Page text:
See also[edit]


  1. ^ a b "Orleans County Obits". Medina Daily Journal. Retrieved 2008-02-20.
  2. ^ a b c d e [1]
  3. ^ WWII Army Enlistment Records
  4. ^ [2]
  5. ^ Hudnut, Jim (5 Jan 1982). "Butts Memorabilia Will Go to L-W Library". The Journal-Register.
  6. ^ DA GO 43-50: for the period 11-18 Jun 44, to the 60th Infantry Regiment, 9th Infantry Division as per Department of the Army Pamphlet 672-1 dated July 6, 1961, page 119
  7. ^ a b "Department of the Army Pamphlet 672-1" (PDF).
  8. ^ WD GO 1-44: for the period 23-24 Apr 43 and WD GO 90-44: for 16 Jun 44, to the 2nd Battalion, 60th Infantry Regiment, 9th Infantry Division as per Department of the Army Pamphlet 672-1 dated July 6, 1961, page 119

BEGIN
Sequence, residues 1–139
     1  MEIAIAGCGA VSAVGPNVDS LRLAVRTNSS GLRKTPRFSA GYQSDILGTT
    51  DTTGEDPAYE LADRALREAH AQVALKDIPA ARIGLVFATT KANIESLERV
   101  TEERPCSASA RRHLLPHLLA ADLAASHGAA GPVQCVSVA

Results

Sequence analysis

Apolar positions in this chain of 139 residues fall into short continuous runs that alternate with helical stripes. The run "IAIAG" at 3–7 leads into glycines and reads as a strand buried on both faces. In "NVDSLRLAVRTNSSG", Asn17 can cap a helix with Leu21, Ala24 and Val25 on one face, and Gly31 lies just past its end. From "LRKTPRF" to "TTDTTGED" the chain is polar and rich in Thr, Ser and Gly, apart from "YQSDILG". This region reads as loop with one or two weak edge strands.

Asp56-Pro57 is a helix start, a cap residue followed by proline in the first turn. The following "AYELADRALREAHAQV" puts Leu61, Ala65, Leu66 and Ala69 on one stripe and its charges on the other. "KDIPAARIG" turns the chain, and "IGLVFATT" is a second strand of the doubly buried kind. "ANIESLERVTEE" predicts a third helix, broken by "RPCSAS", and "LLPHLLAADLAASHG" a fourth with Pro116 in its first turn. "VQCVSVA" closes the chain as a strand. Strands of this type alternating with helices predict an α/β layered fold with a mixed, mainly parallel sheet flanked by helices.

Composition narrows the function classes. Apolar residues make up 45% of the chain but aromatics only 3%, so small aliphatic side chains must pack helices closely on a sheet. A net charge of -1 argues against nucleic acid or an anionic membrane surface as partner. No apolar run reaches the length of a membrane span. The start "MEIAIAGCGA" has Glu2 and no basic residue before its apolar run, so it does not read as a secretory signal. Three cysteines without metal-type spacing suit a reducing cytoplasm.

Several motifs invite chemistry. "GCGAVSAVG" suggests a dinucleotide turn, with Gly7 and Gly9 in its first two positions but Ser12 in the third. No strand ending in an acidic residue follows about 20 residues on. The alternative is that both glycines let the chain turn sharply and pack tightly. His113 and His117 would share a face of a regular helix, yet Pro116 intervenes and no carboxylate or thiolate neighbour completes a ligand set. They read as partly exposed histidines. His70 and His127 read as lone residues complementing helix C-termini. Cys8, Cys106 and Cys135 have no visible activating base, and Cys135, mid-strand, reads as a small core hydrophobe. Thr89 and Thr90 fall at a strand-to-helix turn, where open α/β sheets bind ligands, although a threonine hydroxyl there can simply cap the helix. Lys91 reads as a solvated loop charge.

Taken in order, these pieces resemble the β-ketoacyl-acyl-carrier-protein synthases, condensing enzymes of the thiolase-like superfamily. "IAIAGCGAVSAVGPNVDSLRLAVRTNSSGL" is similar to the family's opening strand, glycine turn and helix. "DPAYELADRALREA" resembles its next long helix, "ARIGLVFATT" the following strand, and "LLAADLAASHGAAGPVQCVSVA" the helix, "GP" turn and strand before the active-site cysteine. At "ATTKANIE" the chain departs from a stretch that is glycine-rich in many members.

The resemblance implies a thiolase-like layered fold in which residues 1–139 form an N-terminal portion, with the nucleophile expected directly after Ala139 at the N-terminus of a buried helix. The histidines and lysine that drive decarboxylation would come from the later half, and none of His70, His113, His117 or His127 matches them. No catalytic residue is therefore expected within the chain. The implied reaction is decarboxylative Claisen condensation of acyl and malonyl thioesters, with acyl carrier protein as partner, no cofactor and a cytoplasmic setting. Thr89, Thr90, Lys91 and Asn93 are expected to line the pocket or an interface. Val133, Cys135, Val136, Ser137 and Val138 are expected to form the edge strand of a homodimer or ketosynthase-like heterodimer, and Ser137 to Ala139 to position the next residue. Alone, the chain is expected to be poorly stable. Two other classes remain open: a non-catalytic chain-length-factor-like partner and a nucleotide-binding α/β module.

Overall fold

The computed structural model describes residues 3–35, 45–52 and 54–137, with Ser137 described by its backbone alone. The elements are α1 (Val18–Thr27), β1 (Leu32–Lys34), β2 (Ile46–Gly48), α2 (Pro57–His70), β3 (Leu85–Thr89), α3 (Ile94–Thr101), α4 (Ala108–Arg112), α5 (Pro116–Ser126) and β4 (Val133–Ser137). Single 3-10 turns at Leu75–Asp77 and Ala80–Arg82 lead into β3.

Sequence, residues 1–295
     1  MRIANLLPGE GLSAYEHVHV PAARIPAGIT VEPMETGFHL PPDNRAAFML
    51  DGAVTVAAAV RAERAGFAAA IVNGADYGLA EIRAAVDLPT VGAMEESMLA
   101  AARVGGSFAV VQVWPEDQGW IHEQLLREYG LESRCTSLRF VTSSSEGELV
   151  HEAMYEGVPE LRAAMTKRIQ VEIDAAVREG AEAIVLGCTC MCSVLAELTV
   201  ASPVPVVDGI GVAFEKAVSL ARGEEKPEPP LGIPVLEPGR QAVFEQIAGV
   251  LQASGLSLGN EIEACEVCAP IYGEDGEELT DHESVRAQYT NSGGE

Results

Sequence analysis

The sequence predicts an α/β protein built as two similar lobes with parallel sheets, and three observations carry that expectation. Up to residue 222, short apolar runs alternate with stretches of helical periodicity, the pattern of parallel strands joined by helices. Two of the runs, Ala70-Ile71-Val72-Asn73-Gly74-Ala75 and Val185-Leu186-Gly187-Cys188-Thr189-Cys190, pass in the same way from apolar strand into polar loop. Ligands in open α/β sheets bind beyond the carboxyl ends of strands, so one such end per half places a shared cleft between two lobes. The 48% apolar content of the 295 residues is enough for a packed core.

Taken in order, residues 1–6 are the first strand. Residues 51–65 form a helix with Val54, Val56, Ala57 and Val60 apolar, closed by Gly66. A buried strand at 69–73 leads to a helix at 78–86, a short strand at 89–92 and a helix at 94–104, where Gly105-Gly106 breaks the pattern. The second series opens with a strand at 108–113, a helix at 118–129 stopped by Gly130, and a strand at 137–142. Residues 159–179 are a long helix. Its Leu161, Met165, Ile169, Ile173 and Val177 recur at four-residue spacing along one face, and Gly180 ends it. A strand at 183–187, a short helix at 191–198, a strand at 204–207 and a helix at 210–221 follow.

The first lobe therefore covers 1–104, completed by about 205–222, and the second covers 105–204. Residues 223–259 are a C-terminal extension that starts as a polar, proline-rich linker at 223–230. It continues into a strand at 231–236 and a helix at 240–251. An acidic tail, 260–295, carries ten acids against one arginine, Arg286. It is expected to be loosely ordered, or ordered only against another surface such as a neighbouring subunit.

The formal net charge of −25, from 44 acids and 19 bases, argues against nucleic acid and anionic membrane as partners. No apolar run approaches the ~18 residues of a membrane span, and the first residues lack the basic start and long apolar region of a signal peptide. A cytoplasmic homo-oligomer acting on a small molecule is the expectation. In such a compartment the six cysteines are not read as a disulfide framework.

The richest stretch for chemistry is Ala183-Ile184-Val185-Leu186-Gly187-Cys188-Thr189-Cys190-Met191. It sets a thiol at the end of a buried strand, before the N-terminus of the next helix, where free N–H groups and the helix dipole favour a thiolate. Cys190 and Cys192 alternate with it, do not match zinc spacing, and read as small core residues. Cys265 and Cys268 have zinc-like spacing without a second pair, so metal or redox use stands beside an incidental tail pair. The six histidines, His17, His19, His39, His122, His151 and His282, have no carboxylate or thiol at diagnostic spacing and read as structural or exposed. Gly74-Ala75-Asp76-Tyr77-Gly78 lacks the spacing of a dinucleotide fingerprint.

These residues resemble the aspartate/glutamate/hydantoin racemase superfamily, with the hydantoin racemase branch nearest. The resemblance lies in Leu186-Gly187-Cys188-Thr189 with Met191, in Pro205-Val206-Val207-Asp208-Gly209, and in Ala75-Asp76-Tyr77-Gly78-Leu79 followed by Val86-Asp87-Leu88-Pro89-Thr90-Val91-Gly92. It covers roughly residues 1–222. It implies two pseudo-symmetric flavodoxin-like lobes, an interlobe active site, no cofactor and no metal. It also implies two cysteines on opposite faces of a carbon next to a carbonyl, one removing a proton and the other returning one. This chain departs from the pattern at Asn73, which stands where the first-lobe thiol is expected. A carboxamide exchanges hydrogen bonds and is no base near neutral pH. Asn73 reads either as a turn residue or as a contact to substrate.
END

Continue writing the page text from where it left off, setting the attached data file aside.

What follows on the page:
9. ^ a b c "Carson's Airfield Honors Hero of Normandy". The Mountaineer. 9 July 1965.
  10. ^ "Letter Confirms Further honor to Lt. John Butts". The Medina daily Journal and Medina Register. 18 Mar 1958. Retrieved 29 September 2017.
  11. ^ "Buddies Pay tribute to Slain Medina Hero". Democrat and Chronicle. 13 June 1946. Retrieved 29 September 2017.
  12. ^ "Legion Post Name Now Honors Heroes Of Both World Wars". The Medina Daily Journal. 25 June 1954. Retrieved 29 September 2017.
  13. ^ "Fort Carson Fire and Emergency Services". Fort Carson. Archived from the original on 2007-11-07. Retrieved 2008-02-20.
  14. ^ "Butts Dedication Fulfills a Promise". The Journal-Register. 16 June 1980.